"Rules of Engagement"
R 2 hours, 7 minutes
Directed by William Friedkin
French Connection," "The Exorcist")
Harrowing scenes of bloody killing and violence throughout the
movie, some bad language
Engagement" is a different kind of war movie. First of all, it is
about a new kind of war: urban conflict. It depicts the other side
of war, the human side, where mistakes in judgment are admitted and
sometimes even prosecuted. And "Rules of Engagement" is also a movie
about politics. And politics never seem to change.
Two soldiers remain
friends long after their experiences together in the Vietnam war.
Colonel Hodges (Tommy Lee Jones), an army lawyer, chooses to
retire to a career of fly-fishing in Montana, while Marine Colonel
Childers (Samuel L. Jackson) is sent on a mission to protect an
American consulate in Yemen with a squad of Marines.
Childers and his
Marines face a new kind of warfare in Yemen, urban warfare, where
there is little or no difference between innocent civilians and
the enemy. After assessing the situation, Childers evacuates the
ambassador (Ben Kingsley), his wife (Ann Archer) and child, and
before extricating his men, gives an order to open fire into the
angry, militant crowd. Hundreds are killed and seriously injured.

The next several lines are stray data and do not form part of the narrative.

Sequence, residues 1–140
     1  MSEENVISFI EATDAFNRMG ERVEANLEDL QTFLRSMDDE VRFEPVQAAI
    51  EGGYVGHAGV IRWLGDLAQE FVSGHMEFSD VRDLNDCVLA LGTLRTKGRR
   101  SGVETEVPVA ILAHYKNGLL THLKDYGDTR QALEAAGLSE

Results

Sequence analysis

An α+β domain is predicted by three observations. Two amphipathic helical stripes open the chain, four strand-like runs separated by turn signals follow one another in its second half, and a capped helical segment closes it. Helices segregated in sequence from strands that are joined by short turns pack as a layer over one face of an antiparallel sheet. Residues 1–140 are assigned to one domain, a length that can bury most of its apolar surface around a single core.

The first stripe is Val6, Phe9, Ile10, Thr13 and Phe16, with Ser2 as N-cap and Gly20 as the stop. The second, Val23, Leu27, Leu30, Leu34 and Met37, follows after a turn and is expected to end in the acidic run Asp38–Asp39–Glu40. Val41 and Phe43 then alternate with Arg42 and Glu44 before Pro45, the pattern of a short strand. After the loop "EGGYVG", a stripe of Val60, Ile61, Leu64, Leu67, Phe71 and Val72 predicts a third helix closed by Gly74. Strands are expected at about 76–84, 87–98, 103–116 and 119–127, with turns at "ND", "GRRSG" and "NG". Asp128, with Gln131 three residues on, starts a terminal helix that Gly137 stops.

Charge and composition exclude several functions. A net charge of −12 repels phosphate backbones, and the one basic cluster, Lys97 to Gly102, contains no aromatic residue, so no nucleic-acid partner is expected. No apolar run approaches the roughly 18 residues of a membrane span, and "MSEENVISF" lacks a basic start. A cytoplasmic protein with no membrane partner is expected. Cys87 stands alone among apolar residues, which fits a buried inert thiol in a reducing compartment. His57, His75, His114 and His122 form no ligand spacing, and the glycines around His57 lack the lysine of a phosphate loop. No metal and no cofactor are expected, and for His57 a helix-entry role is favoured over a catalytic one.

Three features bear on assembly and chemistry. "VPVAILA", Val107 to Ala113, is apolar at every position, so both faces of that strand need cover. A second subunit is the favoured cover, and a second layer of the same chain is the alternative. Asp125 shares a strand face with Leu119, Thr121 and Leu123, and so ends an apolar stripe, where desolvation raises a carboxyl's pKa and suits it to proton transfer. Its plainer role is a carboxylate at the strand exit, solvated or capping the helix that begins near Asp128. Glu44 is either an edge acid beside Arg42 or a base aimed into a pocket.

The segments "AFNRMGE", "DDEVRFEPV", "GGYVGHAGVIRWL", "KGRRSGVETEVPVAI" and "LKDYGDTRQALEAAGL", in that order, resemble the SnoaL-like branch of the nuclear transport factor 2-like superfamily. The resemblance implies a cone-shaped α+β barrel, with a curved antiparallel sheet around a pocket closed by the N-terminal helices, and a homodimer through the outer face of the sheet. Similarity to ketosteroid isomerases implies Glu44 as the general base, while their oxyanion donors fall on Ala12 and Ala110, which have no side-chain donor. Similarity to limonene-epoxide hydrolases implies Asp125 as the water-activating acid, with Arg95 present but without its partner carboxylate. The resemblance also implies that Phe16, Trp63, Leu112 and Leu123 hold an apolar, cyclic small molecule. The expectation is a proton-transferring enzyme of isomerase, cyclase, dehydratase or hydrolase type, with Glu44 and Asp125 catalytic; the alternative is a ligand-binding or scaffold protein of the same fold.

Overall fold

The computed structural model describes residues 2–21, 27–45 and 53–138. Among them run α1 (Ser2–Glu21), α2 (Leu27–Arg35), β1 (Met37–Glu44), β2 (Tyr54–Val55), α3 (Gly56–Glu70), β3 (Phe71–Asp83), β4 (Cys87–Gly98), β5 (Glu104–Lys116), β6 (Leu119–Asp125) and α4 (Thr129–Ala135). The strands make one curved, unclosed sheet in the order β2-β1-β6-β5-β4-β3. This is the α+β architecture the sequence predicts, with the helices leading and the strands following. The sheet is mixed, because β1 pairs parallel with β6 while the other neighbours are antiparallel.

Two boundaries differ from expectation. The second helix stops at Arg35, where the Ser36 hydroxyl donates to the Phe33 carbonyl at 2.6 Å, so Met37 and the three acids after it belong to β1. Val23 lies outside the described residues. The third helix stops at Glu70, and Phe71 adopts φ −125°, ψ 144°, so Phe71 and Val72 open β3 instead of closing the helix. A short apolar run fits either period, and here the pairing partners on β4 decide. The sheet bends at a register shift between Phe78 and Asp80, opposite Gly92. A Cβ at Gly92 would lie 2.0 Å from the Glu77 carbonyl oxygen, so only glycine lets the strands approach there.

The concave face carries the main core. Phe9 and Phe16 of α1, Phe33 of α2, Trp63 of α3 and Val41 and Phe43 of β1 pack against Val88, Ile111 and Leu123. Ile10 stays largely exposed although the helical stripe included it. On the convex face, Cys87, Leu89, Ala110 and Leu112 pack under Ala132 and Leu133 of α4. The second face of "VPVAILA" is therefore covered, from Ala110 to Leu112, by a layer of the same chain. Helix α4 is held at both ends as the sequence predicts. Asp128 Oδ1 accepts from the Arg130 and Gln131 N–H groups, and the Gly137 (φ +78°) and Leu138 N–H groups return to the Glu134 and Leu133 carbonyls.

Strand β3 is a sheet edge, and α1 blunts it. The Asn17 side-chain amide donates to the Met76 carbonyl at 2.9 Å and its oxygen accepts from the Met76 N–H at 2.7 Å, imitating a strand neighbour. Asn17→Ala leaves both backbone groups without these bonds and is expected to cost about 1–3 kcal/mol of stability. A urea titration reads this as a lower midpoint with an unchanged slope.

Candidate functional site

Childers is charged with murder, and his good friend Colonel
Hodges is brought back to defend him.
The rest of this
film is about the events of that day, about the character of men,
and about the trial.
This story line is
lightweight. There seems to be too little detail that is worthy of
our attention, and this movie seeks to fill in time by stretching
out what little story line it has. I found the directing to be
anticlimactic. The few good ideas this movie presented were not
sharp or poignant, but rather part of the landscape. The
supporting actors and actress were given lame lines, and the
delivery was mediocre (even Ben Kingsley). The filmography,
however, was top-notch — pictures, colors and scenes were sharp
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What saves this film
from the discard pile is the incredible acting of Tommy Lee Jones and
Samuel L. Jackson. Even with little plot to go on, Jones and Jackson
deliver with intensity, with depth and with personality that comes
out right onto your lap. Jones and Jackson have certainly demonstrated
that they are versatile, powerful actors, and in this film they
demonstrate that they also make a great team.
September and October
have been poor, barren, dry months as far as video releases go. "Rules
of Engagement" will not be high on the list for Oscar nominations, but
in the middle of October we are not as concerned about Oscar-quality
films as we are with just having something acceptable and entertaining to
watch. This film barely makes my list, and I recommend it only on the
basis of the acting job Jones and Jackson give. I think I will be
generous and give this film 2½ stars out of 5.